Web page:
BE50 (or similar) on Phil Balls models (carbon d box).  I think the Verbitsky sections were based around Benedek 8% sections (as used by Mike Gaster, Vic Jays etc)
NACA4409 Dave Limbert recommends
I haven't seen an LDA section specifically for power models and there was talk of pitch sensitivity on some of these in windier conditions.
If I go for a thinner section then presumably I should thin the stab to be approx. 2% thinner than the wing.
My Heatwave weighs 21.5oz and has approx. 465 sq inches of wing area.  I'm going to aim for 18.5oz for the new model, which is not easy since nearly 8oz is engine, tank, timer,prop etc!
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applehoney
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« Reply #7 on: June 01, 2013, 09:19:44 AM »

> you always seem to have some burble to count from your 10 secs,

Not in North America - the 'rundown' is not taken as part of the engine run time.

A similar sensible rule proposal in the UK  was turned down by the FF Tech. Committee, in its wisdom
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glidermaster
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« Reply #8 on: June 01, 2013, 05:35:51 PM »

Some interesting opinion here.
In my opinion the LDA work which is so much to the fore at present can be boiled down to simple essential characteristics. These are principally the semi-symmetrical nose shape, tied to high camber but which is centred well aft - giving a very curved rear aerofoil.

BE50 doesn't really fit with this description, but was (I think) developed very empirically over many many models, most successfully, too.

Ployd mentions the Conover which is completely different; thick, very sharp leading edge, flat bottom, camber centred well forward. I think that if you're trying to pep the climb up, you might want to avoid this one.

Ployd's NACA 4409 Dixielanders are intriguing (I guess 4408 would also work with a better wing structure that classic Dixielander).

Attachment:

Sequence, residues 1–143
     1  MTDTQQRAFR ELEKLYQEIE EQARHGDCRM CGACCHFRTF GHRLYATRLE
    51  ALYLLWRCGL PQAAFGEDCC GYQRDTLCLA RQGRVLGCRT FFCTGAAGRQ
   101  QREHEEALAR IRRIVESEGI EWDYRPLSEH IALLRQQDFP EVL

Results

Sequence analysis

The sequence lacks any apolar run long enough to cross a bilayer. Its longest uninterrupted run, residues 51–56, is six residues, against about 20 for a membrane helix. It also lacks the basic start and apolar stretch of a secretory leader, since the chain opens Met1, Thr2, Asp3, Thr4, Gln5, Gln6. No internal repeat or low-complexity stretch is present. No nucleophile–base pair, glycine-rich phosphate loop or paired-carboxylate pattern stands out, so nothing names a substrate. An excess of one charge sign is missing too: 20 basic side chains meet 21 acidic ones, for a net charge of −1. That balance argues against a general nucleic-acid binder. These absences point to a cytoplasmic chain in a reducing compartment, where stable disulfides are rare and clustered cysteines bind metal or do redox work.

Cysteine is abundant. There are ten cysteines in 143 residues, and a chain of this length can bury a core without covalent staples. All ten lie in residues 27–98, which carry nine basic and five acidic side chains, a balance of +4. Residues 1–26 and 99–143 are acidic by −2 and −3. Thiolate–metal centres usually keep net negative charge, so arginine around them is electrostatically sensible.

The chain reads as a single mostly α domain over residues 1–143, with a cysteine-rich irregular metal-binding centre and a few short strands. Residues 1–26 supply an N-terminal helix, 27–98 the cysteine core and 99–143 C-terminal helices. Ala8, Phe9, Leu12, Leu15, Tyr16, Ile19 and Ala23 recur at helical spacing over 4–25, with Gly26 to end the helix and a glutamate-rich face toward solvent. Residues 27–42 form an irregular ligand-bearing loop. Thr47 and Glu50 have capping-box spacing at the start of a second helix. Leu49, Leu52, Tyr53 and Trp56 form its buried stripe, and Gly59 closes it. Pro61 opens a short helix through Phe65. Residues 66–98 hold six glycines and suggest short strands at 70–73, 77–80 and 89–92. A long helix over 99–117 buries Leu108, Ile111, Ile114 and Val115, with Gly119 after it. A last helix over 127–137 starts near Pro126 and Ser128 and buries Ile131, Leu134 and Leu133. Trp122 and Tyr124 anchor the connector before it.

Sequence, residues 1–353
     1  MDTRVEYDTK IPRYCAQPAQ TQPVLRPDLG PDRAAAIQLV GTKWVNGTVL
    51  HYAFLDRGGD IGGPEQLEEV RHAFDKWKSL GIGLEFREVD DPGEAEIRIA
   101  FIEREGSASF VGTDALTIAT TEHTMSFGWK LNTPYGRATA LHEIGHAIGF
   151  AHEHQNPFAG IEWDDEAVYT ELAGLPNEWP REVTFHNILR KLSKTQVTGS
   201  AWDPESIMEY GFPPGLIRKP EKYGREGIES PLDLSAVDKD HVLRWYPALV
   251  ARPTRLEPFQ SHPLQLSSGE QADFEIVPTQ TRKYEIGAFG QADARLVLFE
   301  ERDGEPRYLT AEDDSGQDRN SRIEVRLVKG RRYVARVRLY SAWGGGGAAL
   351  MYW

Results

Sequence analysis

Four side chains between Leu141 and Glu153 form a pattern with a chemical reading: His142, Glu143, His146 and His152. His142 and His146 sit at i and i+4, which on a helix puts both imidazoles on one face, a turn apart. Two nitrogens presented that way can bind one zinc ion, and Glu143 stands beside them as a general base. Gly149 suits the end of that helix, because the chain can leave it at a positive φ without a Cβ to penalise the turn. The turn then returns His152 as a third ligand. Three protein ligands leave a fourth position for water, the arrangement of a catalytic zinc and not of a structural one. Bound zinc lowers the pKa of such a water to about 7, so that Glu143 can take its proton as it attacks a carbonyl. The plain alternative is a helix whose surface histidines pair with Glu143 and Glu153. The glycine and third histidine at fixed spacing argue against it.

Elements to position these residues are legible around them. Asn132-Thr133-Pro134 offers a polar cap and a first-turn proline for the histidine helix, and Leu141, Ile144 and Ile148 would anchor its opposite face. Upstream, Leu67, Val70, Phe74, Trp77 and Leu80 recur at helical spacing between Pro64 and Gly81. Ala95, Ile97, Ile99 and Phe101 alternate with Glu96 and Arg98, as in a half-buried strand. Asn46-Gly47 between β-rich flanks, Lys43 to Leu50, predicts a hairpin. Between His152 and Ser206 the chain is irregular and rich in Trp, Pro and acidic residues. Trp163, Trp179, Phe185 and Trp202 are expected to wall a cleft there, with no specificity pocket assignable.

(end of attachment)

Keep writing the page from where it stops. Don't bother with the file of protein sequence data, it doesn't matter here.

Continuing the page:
I've been looking at Drela aerofoils for some future projects (of an undisclosed nature!!).

Are you designing from scratch, Adam?

John
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lincoln
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« Reply #9 on: June 02, 2013, 07:05:51 PM »

Not sure what Cl a model like this climbs at, but if it's 0.05 or greater, have you considered the AG35?
polar is here:
http://www.charlesriverrc.org/articles/drela-airfoilshop/ag35_polars.pdf
I calculate that at a Cl of 1, your model's wing will have an average Reynolds number of 73k. That's probably higher than a lot of other ff models. Note that if your wing is tapered, the AG36, 37, and 38 are meant for somewhat smaller chords. You can find them here:   http://www.charlesriverrc.org/articles/drela-airfoilshop/markdrela-ag-ht-airfoils.htm

The AG38 is a fast airfoil, but it slows down reasonably well. I've flown a couple of gliders that had the AG35 transitioning to AG38.

Hypothetically, one might design an airfoil that was a bit better at the high and low end by sacrificing some performance in the middle, since this is a ff model. RC gliders spend a lot of time in that middle area, at least when they're not in lift.

Once again, I am not a power ff flyer, so I don't know the balance needed between climb and glide.
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b.spooner
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« Reply #10 on: June 03, 2013, 02:55:16 PM »

Hello Adam,

I have built 3 SLOP models (all about 540sq. in area, 21 oz) using a Verbitsky wing section and have no complaints about climb or glide speed.  A fourth 'rounds' model (based on a Dave Clarkson design) uses a Wortmann M2 section but sometimes this shows an inconsistent climb pattern - why I don't know!  Hence a very strong recommendation to try the Verbitsky section.  All my SLOPs use either a OS 20 FP MAX or K&B 20.

Cheers,

Bryan
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danberry
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« Reply #11 on: June 04, 2013, 05:32:19 PM »

Build a 9% flat-bottom 'foil and don't look back.
10/13 secs should yield a model good for 7-8 minutes to the ground.
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FF Bruce
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« Reply #12 on: June 04, 2013, 09:06:33 PM »

I'll add my two cents,I'm with Dan but I'd go with 8% flat bottom wing and 6% stab.They are easy to build go fast and also trim quickly.Up untill Alum.wings,in F1C we all used flat bottom wings for those reasons.
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gossie
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« Reply #13 on: June 04, 2013, 10:48:44 PM »

Generally speaking thin flat bottom for me too.   But girls need to be different.